4. Mix in 1 egg. Add water if too dry, or more flour if too wet.
  5. On a floured surface, roll dough to ¼ inch thickness. Prick with a fork.
  6. Cut dough into squares and arrange on the prepared baking sheet.
  7. Bake for 12 minutes or until golden brown. For a crunchier texture, bake longer.
  8. Allow treats to cool before storing in an airtight container for a few days, or freezing for longer shelf life. For softer treats, refrigerate.


  • 2 cups dry cat food
  • Approximately 1 cup of water (adjust as needed)


  1. Preheat oven to 350°F (175°C).
  2. Blend dry cat food until it becomes a fine powder.
  3. Pour the powdered cat food into a bowl. Gradually add water, slowly mixing until a dough forms. Add more water, if necessary, but ensure the dough is not too sticky.
  4. Shape treats - place small portions of dough onto an ungreased cookie sheet and flatten using the back of a spoon.
  5. Bake for 30 minutes, or until the treats are crispy.
  6. Allow the treats to cool completely before serving. Store in an airtight container.


  • ¼ cup oats
  • ⅓ cup plain peas (canned or frozen, thawed if frozen)
  • ½ cup canned tuna (do not drain)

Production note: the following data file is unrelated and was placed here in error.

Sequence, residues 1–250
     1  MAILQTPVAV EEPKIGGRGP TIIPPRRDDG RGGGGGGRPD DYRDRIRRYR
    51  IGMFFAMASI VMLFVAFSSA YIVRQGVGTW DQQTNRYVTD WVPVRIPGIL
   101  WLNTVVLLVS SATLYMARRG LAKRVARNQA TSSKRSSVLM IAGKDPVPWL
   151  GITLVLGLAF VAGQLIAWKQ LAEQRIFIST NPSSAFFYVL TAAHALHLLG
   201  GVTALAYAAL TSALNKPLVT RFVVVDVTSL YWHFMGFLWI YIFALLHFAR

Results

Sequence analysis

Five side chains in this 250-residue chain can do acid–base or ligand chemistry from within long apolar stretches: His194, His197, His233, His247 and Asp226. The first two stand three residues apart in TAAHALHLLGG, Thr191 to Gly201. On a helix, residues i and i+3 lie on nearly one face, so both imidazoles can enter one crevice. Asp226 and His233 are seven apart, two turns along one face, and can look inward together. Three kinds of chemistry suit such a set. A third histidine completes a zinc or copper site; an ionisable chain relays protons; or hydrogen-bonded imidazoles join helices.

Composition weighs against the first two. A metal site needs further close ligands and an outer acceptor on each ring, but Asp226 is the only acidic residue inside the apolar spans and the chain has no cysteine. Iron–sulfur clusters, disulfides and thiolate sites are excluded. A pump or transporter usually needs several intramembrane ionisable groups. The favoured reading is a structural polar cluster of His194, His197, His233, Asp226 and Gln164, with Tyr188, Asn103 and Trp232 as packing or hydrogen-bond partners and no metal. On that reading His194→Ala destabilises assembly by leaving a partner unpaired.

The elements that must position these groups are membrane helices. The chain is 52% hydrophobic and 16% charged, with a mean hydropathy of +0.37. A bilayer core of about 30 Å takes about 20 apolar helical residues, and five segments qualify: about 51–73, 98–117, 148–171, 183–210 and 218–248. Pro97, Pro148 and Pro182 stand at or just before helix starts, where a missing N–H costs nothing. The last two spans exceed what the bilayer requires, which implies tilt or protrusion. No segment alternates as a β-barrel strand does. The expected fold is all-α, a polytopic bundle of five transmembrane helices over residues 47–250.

• 1 tablespoon parmesan cheese
  • Olive oil (as needed)


  1. Thaw frozen peas beforehand.
  2. Blend oats, peas, tuna (with liquid from can), and parmesan cheese until dough-like.
  3. Scoop and roll dough into small, half-inch balls.
  4. Serve right away, and refrigerate to keep fresh.
  5. Refrigerate treats to keep fresh.

With these DIY cat treat recipes, you can easily tailor each batch to your cat's taste preferences and dietary needs, using readily available ingredients. Whether you're making a small batch for a solo cat or enough to share with a multi-cat household, these treats are the perfect way to show your love.

With these DIY cat treat recipes, you can easily tailor each batch to your cat's taste preferences and dietary needs, using readily available ingredients. Whether you're making a small batch for a solo cat or enough to share with a multi-cat household, these treats are the perfect way to show your love but remember to give them in moderation only!

As a pet parent, it can be helpful to stay up-to-date on the latest cat nutrition and dog nutrition trends.

Safe and Unsafe Foods for Your Pet

Backyard BBQs, pool parties, picnics, block parties, and more! Summer gatherings mean more food around the house, which increases the risk of pets accessing it. It's important to know which foods are safe for your pets and which ones aren't.

Safe Foods

Fruits and Vegetables: Both dogs and cats can enjoy a variety of fruits and vegetables during the summer. Safe options include:

  • Apples (peeled, no seeds)
  • Bananas